AWS X-Ray in a nutshell (illustrated)

3 min readMar 11, 2022


If you are a bit confused with the AWS X-Ray service, here is a visual explanation on how AWS X-Ray works.

Quick service description

AWS X-Ray is a distributed tracing tool.

It helps you analyze and debug production, distributed applications which is handy in the case of microservices architectures (where lots of microservices need to communicate together over https).

By using AWS X-Ray you can get a neat “service map” to troubleshoot and understand the path of the request, the response codes for each microservice, the average response time, etc …

Example of “Service Map”: it seems my API gateway gave some 4xx responses 😮

One thing worth noting is that X-Ray integrates with some AWS services (API Gateway, Lambda, …) but you can also use X-Ray in you application code (Node.js, etc …).

I can select “Metrics” instead of “Icons” so I can view the avg response time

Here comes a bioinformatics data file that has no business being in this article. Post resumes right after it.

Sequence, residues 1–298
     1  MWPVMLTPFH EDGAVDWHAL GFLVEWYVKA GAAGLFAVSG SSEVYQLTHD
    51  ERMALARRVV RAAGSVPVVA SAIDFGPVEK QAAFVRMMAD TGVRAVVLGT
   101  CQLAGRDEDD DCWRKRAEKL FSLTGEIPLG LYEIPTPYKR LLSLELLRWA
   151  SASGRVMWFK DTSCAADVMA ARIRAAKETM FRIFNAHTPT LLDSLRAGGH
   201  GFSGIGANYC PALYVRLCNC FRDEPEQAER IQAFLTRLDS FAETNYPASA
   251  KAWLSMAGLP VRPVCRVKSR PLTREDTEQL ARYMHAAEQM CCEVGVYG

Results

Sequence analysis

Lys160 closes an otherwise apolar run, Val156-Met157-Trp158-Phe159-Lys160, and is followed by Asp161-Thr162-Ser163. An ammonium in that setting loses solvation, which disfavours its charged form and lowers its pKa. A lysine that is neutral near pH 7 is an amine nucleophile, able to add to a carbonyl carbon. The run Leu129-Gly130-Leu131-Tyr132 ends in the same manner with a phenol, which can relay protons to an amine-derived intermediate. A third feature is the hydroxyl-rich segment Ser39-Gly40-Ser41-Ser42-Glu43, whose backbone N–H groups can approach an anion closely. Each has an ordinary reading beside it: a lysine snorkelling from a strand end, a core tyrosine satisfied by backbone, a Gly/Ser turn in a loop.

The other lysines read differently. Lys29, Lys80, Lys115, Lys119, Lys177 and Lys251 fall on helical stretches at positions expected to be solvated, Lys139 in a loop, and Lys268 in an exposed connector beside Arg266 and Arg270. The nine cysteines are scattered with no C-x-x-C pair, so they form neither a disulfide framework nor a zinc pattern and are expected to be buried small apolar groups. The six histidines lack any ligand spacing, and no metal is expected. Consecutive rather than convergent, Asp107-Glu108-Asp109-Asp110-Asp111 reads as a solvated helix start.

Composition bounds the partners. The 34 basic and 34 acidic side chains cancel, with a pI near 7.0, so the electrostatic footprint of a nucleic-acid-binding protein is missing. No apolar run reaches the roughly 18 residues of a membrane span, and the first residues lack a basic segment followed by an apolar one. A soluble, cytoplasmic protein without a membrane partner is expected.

Let’s go in the “Traces” section of X-Ray:

Selecting Traces section

Here I can access the “traces”:

The response code is what the client got as a response to its request to the entry point of the app

If I click on the first one (status OK 200), I’ll get the “segments” making up this “trace” and the details for each segment (quite useful to troubleshoot).

You can also use the X-Ray SDK to create subsegments (take a look, I’ve created a “Wait 1 second” subsegment inside the code of my Lambda before making HTTP call to an external API:

Segments of a Trace

Here is what the code inside my Node.js Lambda function looks like to create the sub-segment:

Node.js code to create a subsegment (by using the current thread segment provided by the SDK)

How does it work ?

Here are 2 illustrations that might help you to understand how AWS X-Ray works:

How AWS X-Ray could work on your own “micro-service node” (Node.js webserver for instance)
How AWS X-Ray knows that segments belong to the same trace ? By passing the trace ID to outgoing requests

The end

I hope this story helped you




This is my personal blog where I post (in my spare time) computer science “cheatsheets”. I mainly do it for myself but it may benefit others.